> another - lots of web pages on that. But that does not address the needs of
> the project as a whole. At present, you and others have not specifically
> addressed how Biopython would benefit from this.
> How do you maintain a stable tree that always should be correct and
> addresses conflicts (like different coding style and semantics :-) )?
> As with Linux, people do not scale, so the one of the main goals of any
> system is that it should minimize effort of maintaining and producing the
> stable release.
> How does a user get the 'latest' version if they have bug? How do you even
> know what version that actually have?
> How do they avoid picking up other changes that a developer has made in
> addition to that bug fix? (Not that any system is immune, like developers
> adding unsupported dependencies or undefined variables as in recent cases in
> I also favor the centralized system because I am not a Biopython developer
> but a tester. So getting the current version is essential to do that and I
> do not want to have to pull other people's code in to do that especially if
> it brings in new code not related to a fix. Nor do I think that an extended
> period of pre-release testing is suitable for Biopython.
Absolutely right. I think there is a misconception about the
"distributed" part of git or bzr.
I don't think anybody was proposing some guerilla style development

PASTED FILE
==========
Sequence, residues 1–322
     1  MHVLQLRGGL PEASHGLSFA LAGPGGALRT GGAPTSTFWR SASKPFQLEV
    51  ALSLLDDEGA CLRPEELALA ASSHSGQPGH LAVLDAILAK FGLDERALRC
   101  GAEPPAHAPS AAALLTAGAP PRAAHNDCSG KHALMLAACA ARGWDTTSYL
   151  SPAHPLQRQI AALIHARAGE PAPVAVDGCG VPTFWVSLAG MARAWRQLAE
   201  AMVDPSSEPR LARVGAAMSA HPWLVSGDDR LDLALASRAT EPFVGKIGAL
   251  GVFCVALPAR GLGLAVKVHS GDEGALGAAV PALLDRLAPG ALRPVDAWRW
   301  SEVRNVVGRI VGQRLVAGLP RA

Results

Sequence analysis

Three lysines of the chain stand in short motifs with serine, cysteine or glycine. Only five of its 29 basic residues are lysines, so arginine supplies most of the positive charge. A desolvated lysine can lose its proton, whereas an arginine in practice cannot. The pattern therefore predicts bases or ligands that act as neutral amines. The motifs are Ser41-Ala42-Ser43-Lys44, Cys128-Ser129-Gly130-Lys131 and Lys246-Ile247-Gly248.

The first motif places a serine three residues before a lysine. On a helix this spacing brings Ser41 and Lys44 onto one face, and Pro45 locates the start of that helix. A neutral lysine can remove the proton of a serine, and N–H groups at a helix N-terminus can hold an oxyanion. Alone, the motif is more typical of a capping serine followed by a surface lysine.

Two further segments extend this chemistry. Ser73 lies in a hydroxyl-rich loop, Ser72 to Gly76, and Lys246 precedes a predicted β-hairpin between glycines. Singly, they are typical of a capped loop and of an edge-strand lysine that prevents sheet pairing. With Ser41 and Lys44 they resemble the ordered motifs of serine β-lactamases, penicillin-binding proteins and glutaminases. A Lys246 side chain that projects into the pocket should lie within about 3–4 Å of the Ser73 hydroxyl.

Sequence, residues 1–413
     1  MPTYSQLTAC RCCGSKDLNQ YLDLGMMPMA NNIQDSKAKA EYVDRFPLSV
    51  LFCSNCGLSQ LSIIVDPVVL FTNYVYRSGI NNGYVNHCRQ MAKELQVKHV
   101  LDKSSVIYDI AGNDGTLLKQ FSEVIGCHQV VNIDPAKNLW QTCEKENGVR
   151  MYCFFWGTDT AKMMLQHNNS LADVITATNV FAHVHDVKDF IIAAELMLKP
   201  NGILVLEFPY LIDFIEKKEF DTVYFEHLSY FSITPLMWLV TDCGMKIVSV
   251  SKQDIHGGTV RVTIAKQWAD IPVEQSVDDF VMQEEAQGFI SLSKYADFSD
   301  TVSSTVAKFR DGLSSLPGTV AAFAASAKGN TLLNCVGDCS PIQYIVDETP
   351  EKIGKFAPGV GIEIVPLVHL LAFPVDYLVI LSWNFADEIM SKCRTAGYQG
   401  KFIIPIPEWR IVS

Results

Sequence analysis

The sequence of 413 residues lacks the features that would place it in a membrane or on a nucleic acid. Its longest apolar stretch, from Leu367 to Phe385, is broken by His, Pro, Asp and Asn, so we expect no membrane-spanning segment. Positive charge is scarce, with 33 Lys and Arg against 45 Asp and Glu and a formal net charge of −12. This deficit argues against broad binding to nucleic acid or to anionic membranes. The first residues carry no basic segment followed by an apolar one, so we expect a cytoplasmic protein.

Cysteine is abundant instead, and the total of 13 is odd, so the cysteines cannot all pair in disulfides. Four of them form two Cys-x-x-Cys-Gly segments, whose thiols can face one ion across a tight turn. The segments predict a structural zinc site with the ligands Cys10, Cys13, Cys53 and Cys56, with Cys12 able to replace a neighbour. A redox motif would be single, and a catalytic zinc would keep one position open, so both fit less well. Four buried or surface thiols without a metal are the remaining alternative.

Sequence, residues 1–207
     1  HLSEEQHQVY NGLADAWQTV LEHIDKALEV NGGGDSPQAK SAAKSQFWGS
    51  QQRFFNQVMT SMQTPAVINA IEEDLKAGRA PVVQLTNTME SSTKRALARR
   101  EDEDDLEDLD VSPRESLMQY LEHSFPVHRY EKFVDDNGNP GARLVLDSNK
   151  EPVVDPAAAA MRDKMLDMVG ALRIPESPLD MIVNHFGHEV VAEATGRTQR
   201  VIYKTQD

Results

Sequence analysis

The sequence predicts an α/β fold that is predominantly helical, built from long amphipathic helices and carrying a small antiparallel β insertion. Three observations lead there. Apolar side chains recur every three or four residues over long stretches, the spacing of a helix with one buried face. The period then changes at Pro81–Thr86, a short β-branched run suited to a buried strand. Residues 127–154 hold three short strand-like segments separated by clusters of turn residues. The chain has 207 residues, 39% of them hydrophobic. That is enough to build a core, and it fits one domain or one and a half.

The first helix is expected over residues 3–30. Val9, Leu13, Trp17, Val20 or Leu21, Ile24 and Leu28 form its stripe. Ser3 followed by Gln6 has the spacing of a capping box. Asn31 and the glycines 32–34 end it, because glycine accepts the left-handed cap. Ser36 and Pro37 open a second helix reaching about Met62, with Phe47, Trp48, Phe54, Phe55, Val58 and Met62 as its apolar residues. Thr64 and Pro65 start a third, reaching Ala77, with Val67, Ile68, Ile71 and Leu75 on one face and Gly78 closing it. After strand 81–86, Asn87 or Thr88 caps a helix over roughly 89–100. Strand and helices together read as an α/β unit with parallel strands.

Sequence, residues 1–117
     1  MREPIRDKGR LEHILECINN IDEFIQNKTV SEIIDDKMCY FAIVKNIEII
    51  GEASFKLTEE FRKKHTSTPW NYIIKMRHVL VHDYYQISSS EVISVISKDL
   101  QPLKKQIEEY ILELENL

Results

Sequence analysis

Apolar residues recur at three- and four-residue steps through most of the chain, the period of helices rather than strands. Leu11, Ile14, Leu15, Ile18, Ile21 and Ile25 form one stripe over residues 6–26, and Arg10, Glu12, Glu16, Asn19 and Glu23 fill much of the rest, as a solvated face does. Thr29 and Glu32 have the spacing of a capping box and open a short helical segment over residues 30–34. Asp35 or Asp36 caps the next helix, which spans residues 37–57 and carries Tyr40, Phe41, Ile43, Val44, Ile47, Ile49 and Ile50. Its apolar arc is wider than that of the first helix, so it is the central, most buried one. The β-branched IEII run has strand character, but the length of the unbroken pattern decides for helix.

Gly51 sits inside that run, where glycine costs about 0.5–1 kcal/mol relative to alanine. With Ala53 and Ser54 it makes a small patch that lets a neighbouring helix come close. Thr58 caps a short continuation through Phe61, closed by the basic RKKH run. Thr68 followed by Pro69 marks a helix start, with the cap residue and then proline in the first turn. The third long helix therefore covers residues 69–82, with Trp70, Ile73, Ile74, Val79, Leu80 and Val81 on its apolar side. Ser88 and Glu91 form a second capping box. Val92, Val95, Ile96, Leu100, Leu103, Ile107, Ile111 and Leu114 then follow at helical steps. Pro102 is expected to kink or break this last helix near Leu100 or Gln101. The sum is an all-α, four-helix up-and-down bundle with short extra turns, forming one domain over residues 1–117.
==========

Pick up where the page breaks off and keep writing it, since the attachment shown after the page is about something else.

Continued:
with no official releases and
code-base. Using dvcs is for enabling people to contribute effectively
rather than because it
centralized development easier.
The key thing here that bzr/launchpad (or git+github, but I'll stick
to what I know for sake of this example)
does not _need_ to be the main repository for biopython.
I think that possible advantages are not so much in using it
internally, but making it easier for
people to branch and merge. Having an "official" bzr branch of
biopython which is automatically
updated from current main vcs (currently CVS) makes branching as easy
bzr branch lp:biopython
After someone has made a number of changes (and commits to his local
vcs) and is happy with
the result you just do
bzr send lp:biopython
and the maintainer of the branch gets notified about a submission of a
patch. Then he can decide to
merge it into trunk (without loosing any changes history) or refuse.
Once the changes are merged into
the official bzr branch it's easy to commit them back to CVS.
After a while, if people are happy with using bzr instead ov cvs, weo
could switch to bzr to avoid synchronizing
with CVS, but this is not necessary.
It's all about making it easier for people to get involved. Currently
the only possibility to participate is to send
patches through bugzilla or mailing list but merging this into a cvs
is a nightmare. While in bzr (or git) you can
develop "on a branch" locally, without disturbing anyone, and then
merge with trunk without loosing your
development history (virtually impossible in cvs or svn)
EMBL, Furlong group
tel: +49 6221 387 8433